Saturday, May 24, 2014
Man Wanted: Ability to walk on water preferred
Chicago newspapers are reminding Catholics that their archbishop, Francis Cardinal George, is a very sick man. He is ready to retire. The search for a new archbishop is on.
The search for a successor to John Cardinal Cody in 1983 was pure theater. With dignified fanfare the church proclaimed that a search had begun, and bishops here and there around the country submitted their resumes. They were misled. Long before he died, Cardinal Cody told me that Pope John Paul II wanted to make Archbishop Joseph Bernardin a cardinal, and to move him from Cincinnati to Chicago. Cody vigorously resisted a Vatican attempt to appoint Bernardin as Cody’s coadjutor archbishop.
I was working for Cardinal Cody at the time, editing his newspaper, serving on the Archdiocesan Finance Committee and spending several hundred hours interviewing him about the autobiography he wanted me to ghost-write. When Bernardin headed the U.S. Catholic Conference in Washington, I was managing editor of The Honolulu Advertiser. Bernardin hired me as director of the National Catholic News Service, and its first editor-in-chief.
We became close friends. I was the first person he called when his Chicago appointment became official, and I wrote the first book about him, The Spirit of Cardinal Bernardin. They say no man is a hero to his valet, but Bernardin remains heroic to me after years as his journalistic valet, even though we split infinites from time to time.
Neither he nor Cody was troubled by the pretense of an open search for the new archbishop of Chicago. Some politics are sacred.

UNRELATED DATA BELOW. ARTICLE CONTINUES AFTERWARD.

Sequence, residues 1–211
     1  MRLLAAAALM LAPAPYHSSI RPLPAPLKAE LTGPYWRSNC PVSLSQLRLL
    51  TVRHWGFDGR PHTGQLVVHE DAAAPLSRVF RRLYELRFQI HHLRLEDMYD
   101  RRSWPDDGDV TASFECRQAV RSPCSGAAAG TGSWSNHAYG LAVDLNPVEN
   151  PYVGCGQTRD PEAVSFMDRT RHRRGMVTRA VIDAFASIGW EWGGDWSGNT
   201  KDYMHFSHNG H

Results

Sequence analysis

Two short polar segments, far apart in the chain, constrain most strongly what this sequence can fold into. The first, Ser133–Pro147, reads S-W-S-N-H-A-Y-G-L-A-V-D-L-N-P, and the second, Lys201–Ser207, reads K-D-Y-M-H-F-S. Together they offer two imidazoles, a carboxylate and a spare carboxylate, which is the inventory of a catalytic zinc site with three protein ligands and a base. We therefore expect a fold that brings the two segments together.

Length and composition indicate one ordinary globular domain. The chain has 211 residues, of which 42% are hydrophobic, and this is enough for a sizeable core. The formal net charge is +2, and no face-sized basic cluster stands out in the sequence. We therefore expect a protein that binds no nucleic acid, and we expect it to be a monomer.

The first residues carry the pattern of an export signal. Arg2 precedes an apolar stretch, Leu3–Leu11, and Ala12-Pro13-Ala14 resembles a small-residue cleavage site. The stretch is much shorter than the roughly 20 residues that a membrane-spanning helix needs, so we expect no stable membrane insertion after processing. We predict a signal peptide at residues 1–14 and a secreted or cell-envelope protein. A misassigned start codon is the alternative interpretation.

Toward the end of Vatican II Lawrence Cardinal Shehan, the Archbishop of Baltimore, named me editor of The Catholic Review. I had been chairman of the Hawaii Governor’s Committee on Educational Television, and Cardinal Shehan thought he might want to create an educational TV network to serve his archdiocese and the new prep seminary he expected to build. Almost instantly Shehan’s TV plan came apart in the ecclesial earthquake of the mid-1960s, the shifting ground of Catholic certainties as Vatican II wound up. The new seminary was never built.
The certainties go on evaporating. Shehan one morning, upset by the pressures of discontent when Paul VI’s encyclical Humanae Vitae reaffirmed beliefs many thought were obsolete, said, “Oh to be a bishop in Ireland.” Nobody knew that half a century later the bishops of Ireland would be squirming. The church of Shehan and Cody and Bernardin keeps moving, but nobody know where it is going.
The choice of an enthusiastic Latin American Jesuit of Italian ancestry to be pope somehow stirs expectations of good choices for appointments in Chicago and elsewhere. If you’ve been thinking about prayers for Cardinal George and his successor, this is the time.